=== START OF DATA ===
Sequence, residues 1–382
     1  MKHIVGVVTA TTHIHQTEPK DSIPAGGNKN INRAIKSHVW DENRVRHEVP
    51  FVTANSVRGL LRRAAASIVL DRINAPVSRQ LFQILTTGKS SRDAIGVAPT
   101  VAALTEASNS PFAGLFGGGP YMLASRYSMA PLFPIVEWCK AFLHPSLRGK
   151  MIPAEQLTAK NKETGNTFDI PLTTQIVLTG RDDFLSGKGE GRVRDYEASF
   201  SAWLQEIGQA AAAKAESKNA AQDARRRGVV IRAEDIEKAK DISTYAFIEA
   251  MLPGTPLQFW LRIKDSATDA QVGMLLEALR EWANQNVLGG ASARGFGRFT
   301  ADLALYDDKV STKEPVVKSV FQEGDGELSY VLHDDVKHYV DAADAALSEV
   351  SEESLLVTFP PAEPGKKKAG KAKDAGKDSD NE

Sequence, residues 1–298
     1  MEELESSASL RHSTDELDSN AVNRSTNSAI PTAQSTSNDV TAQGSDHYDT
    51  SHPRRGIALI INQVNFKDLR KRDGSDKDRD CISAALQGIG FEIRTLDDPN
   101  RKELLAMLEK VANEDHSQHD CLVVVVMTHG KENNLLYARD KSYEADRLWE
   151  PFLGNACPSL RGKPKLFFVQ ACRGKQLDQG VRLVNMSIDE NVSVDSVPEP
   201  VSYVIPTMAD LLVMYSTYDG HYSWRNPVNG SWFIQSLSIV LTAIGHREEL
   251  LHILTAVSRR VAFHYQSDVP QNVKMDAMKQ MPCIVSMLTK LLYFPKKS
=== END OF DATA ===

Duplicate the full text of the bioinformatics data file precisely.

Sequence, residues 1–382
     1  MKHIVGVVTA TTHIHQTEPK DSIPAGGNKN INRAIKSHVW DENRVRHEVP
    51  FVTANSVRGL LRRAAASIVL DRINAPVSRQ LFQILTTGKS SRDAIGVAPT
   101  VAALTEASNS PFAGLFGGGP YMLASRYSMA PLFPIVEWCK AFLHPSLRGK
   151  MIPAEQLTAK NKETGNTFDI PLTTQIVLTG RDDFLSGKGE GRVRDYEASF
   201  SAWLQEIGQA AAAKAESKNA AQDARRRGVV IRAEDIEKAK DISTYAFIEA
   251  MLPGTPLQFW LRIKDSATDA QVGMLLEALR EWANQNVLGG ASARGFGRFT
   301  ADLALYDDKV STKEPVVKSV FQEGDGELSY VLHDDVKHYV DAADAALSEV
   351  SEESLLVTFP PAEPGKKKAG KAKDAGKDSD NE

Sequence, residues 1–298
     1  MEELESSASL RHSTDELDSN AVNRSTNSAI PTAQSTSNDV TAQGSDHYDT
    51  SHPRRGIALI INQVNFKDLR KRDGSDKDRD CISAALQGIG FEIRTLDDPN
   101  RKELLAMLEK VANEDHSQHD CLVVVVMTHG KENNLLYARD KSYEADRLWE
   151  PFLGNACPSL RGKPKLFFVQ ACRGKQLDQG VRLVNMSIDE NVSVDSVPEP
   201  VSYVIPTMAD LLVMYSTYDG HYSWRNPVNG SWFIQSLSIV LTAIGHREEL
   251  LHILTAVSRR VAFHYQSDVP QNVKMDAMKQ MPCIVSMLTK LLYFPKKS